Today, both in Colima and Jalisco, there are a number of towns that would be in danger should a volcanic eruption take place. The deposit of pyroclastic flows, pumice and ash rain, as well as mudflows and lahars could affect, firstly, the towns of La Yerbabuena, La Becerrera, Barranca de Agua, Rancho El Jabalí, Suchitlán, San Antonio and Rancho La Joya, in the state of Colima, in addition to Juan Barragán, Agostadero, Los Machos, El Borobollón, Durazno, San Marcos, Tonila, Cofradía de Tonila, Causentla, El Fresnal, Atenguillo, Saucillo, El Embudo and El Chayán, in the state of Jalisco. Other towns from the two states that are further afield may also be affected, such as Quesería, Ciudad Guzmán, Tuxpan, the city, Villa de Álvarez, Comala and Cuauhtémoc, to name a few.
History of the Volcano’s activity
During the past 500 years, the Volcano of has reported over 40 eruptive events of the explosive and effusive kind, which include those occurred in 1585, 1606, 1622, 1690, 1818, 1869, 1872, 1890, 1903, 1913, 1975-76, 1998-99, 2001-2003 and 2005. In addition, minor activity must be taken into account. All of the above shows that it has increased its eruptive process over the course of the past five centuries, and the activity that it has maintained nowadays is the reason why more studies must continue to be carried out into the danger and risk posed at the moment of a new eruption.
Clear manifestations shown during its periods of activity are the eruptions of magmatic material thrown out in different ways. Other pre-eruptive manifestations that have also been reported enable us to predict an eruption. One of the latest, reported in 1913, left a crater measuring approximately 500 meters in depth. This crater began to fill with lava over time and lava eventually flowed beyond the edges of the crater, thus forming a dome that blocked the main chimney. In 1991, an episode of lava dome growth in blocks resulted in the partial collapse of the body itself, thus producing slides of incandescent material and eventual lahars. The effusive eruption (1998) showed that the internal activity of the volcano displays the patters of the behaviour of past centuries during which the eruptive cycle ends with a change in the style of the activity and a subplinian to plinian eruption with an eruptive column higher than 10 kilometres and an ash rain that covered a radius no larger than 30 kilometres. In addition, this eruption produced pyroclastic flows down the slopes covering a radius of 15 kilometres, just as it happened in 1818 and 1913.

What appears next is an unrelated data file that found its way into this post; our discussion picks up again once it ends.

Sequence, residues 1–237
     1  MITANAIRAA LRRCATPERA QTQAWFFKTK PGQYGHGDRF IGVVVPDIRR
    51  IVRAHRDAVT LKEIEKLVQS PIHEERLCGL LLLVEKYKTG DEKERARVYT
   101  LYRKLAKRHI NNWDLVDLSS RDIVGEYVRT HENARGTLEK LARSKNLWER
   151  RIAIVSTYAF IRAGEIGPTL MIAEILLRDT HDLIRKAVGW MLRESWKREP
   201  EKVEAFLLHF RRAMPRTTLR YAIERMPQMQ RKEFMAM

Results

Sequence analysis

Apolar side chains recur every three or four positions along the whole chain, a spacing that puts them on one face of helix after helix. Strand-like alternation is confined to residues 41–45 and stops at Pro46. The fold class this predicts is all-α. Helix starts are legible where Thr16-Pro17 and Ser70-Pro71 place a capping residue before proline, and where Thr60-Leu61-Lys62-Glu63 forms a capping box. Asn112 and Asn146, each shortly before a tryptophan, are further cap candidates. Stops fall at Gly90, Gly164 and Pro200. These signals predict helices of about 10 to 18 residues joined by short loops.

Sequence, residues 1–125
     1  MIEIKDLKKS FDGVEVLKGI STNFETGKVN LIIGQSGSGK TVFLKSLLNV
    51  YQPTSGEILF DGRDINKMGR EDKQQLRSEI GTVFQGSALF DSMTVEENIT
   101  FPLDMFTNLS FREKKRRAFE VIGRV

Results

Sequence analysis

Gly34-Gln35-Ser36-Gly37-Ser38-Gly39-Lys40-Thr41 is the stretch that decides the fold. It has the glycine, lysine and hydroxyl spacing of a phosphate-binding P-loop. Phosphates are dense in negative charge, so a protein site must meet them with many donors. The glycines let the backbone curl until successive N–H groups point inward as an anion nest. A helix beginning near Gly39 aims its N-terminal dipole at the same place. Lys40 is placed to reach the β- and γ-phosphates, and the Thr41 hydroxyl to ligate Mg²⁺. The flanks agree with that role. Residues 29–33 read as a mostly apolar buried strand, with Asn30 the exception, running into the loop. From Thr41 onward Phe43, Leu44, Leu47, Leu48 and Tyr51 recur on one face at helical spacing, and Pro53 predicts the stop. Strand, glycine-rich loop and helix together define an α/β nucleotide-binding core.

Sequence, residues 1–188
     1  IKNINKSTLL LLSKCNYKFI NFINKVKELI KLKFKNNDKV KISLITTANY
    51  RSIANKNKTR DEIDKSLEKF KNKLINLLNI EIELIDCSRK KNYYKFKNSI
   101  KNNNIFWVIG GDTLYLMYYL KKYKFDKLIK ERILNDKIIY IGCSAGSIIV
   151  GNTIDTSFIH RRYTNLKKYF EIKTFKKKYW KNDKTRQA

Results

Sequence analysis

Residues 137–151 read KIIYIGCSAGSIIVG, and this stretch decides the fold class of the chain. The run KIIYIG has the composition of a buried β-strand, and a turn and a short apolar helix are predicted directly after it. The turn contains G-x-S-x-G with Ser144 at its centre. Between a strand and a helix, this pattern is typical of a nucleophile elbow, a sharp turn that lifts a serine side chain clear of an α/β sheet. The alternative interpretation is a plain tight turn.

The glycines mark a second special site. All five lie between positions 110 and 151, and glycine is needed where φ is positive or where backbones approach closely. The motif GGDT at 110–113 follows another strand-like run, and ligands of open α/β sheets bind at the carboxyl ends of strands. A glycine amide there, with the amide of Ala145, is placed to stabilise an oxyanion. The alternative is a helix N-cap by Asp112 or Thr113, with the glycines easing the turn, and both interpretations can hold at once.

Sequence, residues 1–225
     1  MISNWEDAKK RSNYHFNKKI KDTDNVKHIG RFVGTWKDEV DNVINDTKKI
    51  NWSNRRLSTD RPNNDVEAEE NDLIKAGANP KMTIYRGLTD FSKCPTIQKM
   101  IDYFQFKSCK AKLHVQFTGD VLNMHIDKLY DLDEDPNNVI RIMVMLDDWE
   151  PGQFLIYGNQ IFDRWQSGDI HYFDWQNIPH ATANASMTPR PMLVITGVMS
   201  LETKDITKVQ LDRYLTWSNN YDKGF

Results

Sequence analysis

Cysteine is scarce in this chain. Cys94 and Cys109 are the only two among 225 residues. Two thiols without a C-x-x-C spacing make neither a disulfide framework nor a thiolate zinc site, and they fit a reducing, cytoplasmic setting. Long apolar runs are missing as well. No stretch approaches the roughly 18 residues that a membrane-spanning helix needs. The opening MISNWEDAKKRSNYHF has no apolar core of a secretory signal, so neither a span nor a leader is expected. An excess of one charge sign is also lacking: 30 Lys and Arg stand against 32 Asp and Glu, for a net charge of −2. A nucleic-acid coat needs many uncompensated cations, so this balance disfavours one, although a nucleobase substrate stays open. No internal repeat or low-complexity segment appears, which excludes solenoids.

The latest explosions include those of 1987 and 21 July 1994, which produced a crater on the surface of the dome that was formed in 1991 and reached a diameter of 130 metres by 50 metres in depth, and also produced a light ash rain on the west. On 10 February 1999, a new explosive event was reported at the summit. Smaller eruptions were also reported on 18 February and 10 May 1999. A new and violent explosion occurred in 17 July 1999, which threw out a large amount of incandescent material that ran down the slopes, and produced an ash column higher than eight kilometres. During the months of May (16, 24 and 30) and June (2 and 5) five of the most important explosive events recorded by the monitoring systems of the U of C occurred.